Feeding is essential for survival. Senses such as smell or sight can help guide us to good food sources, but the final decision to eat or reject a potential food is controlled by taste.
While the tongue is the main taste organ in humans and other mammals, insects not only have taste organs inside their mouthparts, but also on the body. Their legs, wings and ovipositor (the organ with which females lay eggs) can contain taste receptor neurons.
See Also: Fruit flies remember a good meal
The need for so many taste organs in insects is not understood very well. However, a clue for understanding their function comes from examining the anatomy of the taste-sensing neurons. These neurons send projections to different parts of the central nervous system of the fly. This suggests that taste information received from different parts of the body is processed differently in the brain. Therefore, different taste organs may have different functions.
Left: Sweet taste neurons in the fly brain (upper panel; blue) and ventral nerve cord (lower panel; blue). Leg neurons initially project to the ventral nerve cord and can be grouped into two classes. One class terminates in the ventral nerve cord (yellow in lower panel) whereas the other continues projecting to the brain (red in upper and lower panel). Sweet taste neurons from the mouthparts can also be seen (yellow in upper panel). Right: Schematic of the function of leg neurons. As soon as a fly steps on food, sweet taste leg neurons terminating in the ventral nerve cord stop movement, while the brain-projecting neurons initiate feeding. Credit: Vladimiros Thoma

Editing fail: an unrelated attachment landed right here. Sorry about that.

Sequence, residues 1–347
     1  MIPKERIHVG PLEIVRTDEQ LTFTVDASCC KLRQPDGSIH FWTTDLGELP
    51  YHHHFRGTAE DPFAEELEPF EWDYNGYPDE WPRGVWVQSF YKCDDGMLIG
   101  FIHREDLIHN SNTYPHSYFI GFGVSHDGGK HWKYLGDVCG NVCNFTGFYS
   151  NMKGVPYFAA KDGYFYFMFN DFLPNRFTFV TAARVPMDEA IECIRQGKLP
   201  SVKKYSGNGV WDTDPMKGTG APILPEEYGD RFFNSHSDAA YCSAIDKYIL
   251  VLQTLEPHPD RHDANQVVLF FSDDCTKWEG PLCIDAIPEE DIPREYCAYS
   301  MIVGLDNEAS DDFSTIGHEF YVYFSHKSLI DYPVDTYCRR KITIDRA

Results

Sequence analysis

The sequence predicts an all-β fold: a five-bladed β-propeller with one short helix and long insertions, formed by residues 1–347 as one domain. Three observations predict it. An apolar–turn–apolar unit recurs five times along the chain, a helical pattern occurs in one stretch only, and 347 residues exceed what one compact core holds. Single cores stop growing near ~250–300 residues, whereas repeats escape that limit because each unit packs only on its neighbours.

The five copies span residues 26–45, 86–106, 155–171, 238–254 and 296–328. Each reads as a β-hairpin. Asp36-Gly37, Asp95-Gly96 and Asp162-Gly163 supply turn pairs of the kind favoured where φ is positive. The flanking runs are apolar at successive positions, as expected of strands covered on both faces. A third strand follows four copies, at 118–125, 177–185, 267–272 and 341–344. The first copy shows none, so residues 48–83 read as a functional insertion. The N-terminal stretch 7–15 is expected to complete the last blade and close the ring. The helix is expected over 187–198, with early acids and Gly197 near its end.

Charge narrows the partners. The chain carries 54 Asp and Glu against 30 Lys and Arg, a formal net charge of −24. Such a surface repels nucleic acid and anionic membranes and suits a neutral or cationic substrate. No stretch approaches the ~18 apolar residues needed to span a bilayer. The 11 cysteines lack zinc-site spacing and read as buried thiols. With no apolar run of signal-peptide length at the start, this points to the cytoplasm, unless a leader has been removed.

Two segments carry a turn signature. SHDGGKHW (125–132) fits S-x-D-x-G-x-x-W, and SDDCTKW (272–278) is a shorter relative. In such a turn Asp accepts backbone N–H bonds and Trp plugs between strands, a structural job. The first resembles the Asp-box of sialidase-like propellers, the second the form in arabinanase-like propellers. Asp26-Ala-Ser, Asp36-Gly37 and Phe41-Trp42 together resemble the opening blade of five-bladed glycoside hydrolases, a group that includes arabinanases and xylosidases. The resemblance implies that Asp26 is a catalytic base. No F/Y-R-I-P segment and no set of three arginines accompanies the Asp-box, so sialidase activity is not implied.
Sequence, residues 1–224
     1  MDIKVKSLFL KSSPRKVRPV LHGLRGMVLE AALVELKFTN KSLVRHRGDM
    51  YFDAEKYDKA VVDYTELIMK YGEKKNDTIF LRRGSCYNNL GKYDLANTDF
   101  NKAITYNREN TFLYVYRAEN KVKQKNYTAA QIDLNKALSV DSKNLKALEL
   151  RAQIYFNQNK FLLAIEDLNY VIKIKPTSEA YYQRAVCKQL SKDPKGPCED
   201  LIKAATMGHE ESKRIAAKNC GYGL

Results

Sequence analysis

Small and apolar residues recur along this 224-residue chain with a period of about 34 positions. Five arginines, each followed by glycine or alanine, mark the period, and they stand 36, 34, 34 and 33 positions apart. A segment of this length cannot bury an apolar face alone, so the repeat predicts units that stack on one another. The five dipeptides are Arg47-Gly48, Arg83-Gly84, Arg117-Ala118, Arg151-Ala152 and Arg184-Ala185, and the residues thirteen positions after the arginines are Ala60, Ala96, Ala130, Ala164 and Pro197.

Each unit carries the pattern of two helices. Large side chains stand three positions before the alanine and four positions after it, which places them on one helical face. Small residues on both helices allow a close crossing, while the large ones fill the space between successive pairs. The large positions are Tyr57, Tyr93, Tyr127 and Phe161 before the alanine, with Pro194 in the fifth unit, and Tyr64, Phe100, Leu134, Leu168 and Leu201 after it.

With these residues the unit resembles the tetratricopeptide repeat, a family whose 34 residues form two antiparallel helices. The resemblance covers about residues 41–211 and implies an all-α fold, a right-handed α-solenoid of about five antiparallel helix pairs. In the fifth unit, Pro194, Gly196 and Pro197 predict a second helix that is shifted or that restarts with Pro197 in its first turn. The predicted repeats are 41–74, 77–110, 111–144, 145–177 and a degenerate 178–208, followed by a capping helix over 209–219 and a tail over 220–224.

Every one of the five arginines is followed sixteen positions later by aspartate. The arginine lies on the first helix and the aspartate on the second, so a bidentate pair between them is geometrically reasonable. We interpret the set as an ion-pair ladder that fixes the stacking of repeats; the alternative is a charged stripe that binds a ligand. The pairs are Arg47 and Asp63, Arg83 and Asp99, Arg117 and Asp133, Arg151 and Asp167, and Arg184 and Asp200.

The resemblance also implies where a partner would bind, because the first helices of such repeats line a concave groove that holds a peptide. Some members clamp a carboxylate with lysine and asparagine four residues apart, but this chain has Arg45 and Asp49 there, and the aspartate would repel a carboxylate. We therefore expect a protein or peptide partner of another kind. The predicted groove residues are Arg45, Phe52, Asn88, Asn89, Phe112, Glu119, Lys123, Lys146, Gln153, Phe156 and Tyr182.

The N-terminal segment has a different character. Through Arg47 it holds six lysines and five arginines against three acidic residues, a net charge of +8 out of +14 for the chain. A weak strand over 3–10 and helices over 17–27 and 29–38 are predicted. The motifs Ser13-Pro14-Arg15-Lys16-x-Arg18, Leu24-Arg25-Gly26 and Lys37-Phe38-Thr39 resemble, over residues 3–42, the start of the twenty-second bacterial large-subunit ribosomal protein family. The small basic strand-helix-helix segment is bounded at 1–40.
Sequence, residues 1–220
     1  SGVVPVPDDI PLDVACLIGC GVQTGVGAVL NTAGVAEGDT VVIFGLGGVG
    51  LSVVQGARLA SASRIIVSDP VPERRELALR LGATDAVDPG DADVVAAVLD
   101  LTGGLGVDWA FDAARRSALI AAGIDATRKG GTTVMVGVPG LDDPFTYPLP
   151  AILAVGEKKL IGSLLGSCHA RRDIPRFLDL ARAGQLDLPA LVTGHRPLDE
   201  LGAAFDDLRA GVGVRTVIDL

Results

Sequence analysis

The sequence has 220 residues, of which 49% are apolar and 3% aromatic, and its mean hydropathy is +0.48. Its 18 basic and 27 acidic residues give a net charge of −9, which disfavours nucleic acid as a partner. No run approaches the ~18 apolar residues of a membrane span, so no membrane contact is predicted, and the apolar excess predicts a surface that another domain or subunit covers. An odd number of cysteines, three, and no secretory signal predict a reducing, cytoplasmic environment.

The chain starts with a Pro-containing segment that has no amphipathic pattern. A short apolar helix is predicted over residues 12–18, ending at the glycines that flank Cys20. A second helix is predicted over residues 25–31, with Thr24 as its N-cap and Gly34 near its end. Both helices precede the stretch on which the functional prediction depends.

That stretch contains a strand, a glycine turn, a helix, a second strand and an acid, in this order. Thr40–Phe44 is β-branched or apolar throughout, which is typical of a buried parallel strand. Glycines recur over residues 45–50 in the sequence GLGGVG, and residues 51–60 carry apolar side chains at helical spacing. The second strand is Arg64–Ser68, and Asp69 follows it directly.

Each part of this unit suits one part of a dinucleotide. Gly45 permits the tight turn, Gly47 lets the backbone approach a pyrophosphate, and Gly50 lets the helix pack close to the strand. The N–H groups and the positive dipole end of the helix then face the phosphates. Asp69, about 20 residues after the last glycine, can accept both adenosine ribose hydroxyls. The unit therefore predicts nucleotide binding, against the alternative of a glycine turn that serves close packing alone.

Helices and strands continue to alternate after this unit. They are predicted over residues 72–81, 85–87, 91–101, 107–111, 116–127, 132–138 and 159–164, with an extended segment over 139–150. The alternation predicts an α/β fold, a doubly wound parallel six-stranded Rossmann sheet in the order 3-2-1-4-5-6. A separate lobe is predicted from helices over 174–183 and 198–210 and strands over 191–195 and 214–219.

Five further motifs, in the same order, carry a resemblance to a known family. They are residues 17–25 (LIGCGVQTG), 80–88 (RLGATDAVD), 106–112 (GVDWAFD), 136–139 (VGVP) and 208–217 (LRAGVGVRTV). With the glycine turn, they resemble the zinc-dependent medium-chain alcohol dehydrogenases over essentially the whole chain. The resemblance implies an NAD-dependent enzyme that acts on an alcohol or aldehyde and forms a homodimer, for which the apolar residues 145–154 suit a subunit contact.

To test this idea, Thoma et al. used the fruit fly Drosophila as a model for insects. With Drosophila, it is possible to target small numbers of neurons and to block them or activate them with genetic tools. The scientists blocked different groups of sweet-sensing neurons and measured sugar choice, the first step in feeding behavior. Normally, hungry flies choose sugar very quickly, but the flies which had all sweet-sensing neurons in their legs blocked could not choose sugar.
The scientists then examined the sweet taste neurons in the legs and found two populations of neurons. One group of neurons connected directly to the brain of the fly. The remaining neurons connected to the ventral nerve cord, a structure analogous to the spinal cord in humans.
The researchers blocked each population separately and found that they have specialized functions. While the brain-projecting neurons are important for the initiation of feeding, the ventral nerve cord-projecting neurons are important for stopping the fly's movement as soon as it steps on food. Both of these functions are important for correctly choosing sugar.
These results show how feeding, a complex behavior with many steps, is organized by the specialized contributions of different groups of neurons. The role of the taste neurons in other organs is only partially understood, but it is possible that they are important for the later stages of feeding.
Additionally, popular insect repellents such as DEET rely on chemicals that smell and taste bad to insects. Therefore, a better understanding of insect choice behavior and feeding may also contribute to the development of more effective pest control.
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Thoma V et al. Functional dissociation in sweet taste receptor neurons between and within taste organs of Drosophila. Nature Communications, Published February 19 2016. doi: 10.1038/ncomms10678